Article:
October 20, 2013 | 4:10 am
To Read: RAND’S Linda Robinson sees partnerships with local forces in hostile countries as the future of US counter terrorism-
Most significant, after years of focusing on unilateral drone strikes and raids, U.S. Special Operations forces have regained a critical skill set of working with local populations, as they did in Vietnam, where they raised thousands of civil defenders in the central highlands. This is a highly transferable tool; many troubled countries have vast rural areas where terrorists find ready sanctuary, and lending a helping hand to those who find the courage to fend off attackers is one of the most productive uses of our Special Operations forces. It relieves the United States of the burden of doing so or intervening abruptly in a crisis.
The partnering approach may not be easy, and it does take years to produce results, but it is the most sustainable security solution around. The United States still needs to develop credible means of measuring the effectiveness of this approach, but don’t be surprised if it becomes the future of America’s fight against terrorism.
Quote: "Considering that this work is not yet finished, in our view it is so far premature to talk about any specifics", the Russian government refers to John Kerry’s US hopes to ship Syrian chemical arms as premature.
Number: 50, the number of Senators who refuse to ratify a treaty which they feel might harm Israel.
To Read: According to David Weinberg, the late Yitzhak Rabin was actually quite skeptical about the Oslo peace process-
Like the majority of Israelis, then and now, Rabin was willing to take risks and give the peace process a chance. But he remained suspicious of his Palestinian partners, skeptical about the outcome, wary of a full-fledged Palestinian state, and insistent on maintaining defensible borders for Israel.
In fact, Rabin may have been close to calling-off the Oslo process, according his daughter Dalia. Three years ago, she told Yediot Aharonot (October 1, 2010) that “many people who were close to father told me that on the eve of the murder he considered stopping the Oslo process because of the terror that was running rampant in the streets, and because he felt that Yasser Arafat was not delivering on his promises.”
Quote: "[I will oppose] any attempt to harm the Supreme Court and the State of Israel as a Jewish and democratic state", Justice Minister Tzipi Livni vowing to fight a string of legislation proposals aimed at reducing the power of the Supreme court.
Number: 24, the number of young Diaspora Jews who are participating in the Israeli government’s fellows program.
The Middle East
Headline: Date set for Geneva peace talks on Syria
To Read: The former UK Ambassador to Saudi Arabia and Israel tries to explain the Saudis' dramatic move last week at the UN-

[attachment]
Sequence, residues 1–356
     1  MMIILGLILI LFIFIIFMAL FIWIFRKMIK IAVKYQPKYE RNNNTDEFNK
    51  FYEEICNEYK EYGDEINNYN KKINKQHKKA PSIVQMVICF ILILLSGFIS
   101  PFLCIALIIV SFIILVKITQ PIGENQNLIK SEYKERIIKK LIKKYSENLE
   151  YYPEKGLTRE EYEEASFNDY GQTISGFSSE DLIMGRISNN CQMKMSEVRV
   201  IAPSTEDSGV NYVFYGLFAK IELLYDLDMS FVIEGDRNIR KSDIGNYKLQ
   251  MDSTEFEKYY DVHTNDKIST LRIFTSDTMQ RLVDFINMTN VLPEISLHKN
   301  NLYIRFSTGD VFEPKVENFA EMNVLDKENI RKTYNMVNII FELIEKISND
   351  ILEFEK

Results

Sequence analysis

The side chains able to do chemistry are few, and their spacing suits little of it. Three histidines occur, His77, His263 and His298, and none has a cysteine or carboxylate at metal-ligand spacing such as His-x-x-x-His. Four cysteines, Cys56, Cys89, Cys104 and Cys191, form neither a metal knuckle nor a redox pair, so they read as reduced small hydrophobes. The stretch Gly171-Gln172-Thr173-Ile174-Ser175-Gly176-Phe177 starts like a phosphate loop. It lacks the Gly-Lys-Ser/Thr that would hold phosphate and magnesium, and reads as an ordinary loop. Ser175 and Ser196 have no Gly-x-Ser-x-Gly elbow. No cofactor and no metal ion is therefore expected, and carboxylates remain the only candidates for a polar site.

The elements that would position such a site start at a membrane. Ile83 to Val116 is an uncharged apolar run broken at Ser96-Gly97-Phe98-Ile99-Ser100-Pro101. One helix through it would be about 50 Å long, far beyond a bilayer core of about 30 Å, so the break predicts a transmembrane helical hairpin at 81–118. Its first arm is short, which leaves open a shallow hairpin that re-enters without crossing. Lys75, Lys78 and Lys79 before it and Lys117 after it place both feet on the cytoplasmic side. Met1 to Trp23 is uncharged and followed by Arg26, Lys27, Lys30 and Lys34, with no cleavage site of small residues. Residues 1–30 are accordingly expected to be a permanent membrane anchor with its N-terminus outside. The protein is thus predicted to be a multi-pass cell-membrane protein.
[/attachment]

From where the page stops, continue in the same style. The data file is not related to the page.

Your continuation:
From a Saudi perspective, the message the West and above all the Americans have sent through their handling of the chemical weapons crisis is that it is has lost the will to get tough (a message which they think will not have been lost on the Iranians); that it lacks consistency (not all that long ago Western spokesmen would say that Assad was toast, and now even Kerry is praising his government for its cooperation with the OPCW inspectors); that it is not concerned about the strategic consequences of the conflict and the risk of refugee flows and other pressures destabilizing Lebanon, Jordan and Iraq; and that it lacks morality. Surely, they would argue, the signal conveyed to Assad is that it is acceptable to shoot protesters, but not to use sarin against them. They remain to be convinced that the West will put in a serious effort to achieve a result at the Geneva II conference now scheduled for late November.
They worry too -- inevitably, and ironically like Israel -- that Western limpness on the Syrian agenda prefigures a willingness to accept a less than satisfactory deal with Iran, cutting Tehran too much slack in the regional strategic equation.
Quote: "The state of Qatar agrees with the reasons outlined by the Kingdom of Saudi Arabia to turn down a non-permanent seat on the United National Security council", the government of Qatar supporting Saudi Arabia’s UN decision.
Number: 30, at least 30 people were killed in a suicide bombing in the outskirts of the Syrian city of Hama.
The Jewish World
To Read: Rabbi Zev Faber writes about the tension between the Torah and the Halakha and about a 12the century debate on the matter between two of Judaism’s greatest commentators-
Is the Torah the source for halacha? The traditional answer would be yes and no. On one hand the Torah is the central document of Judaism, the center from which all else radiates. On the other hand, Rabbinic Judaism has a strong focus on the Oral Law, which often contains details and practices very much at odds with the plain meaning of the Torah legislation. How is a traditional Jew meant to navigate this tension? There is no one answer to this question, which has been debated by rabbinic authorities for millennia. One particular instantiation of this debate is especially telling, both because of the sharp distinction between the two positions and the acrimony of the critique: the debate between Rashbam and Ibn Ezra.
Quote: "Here's someone with a lot of money. And they're buying a lot of legitimacy", Tammy Nyden, an expert on Spinoza, sharing her impressions of this curious conference thrown by a rich Jewish Jeweler who claims to have found the answer to everything.
Number: 100, one hundred years ago Europe’s last major blood label trial- the Beilis trial, took place.
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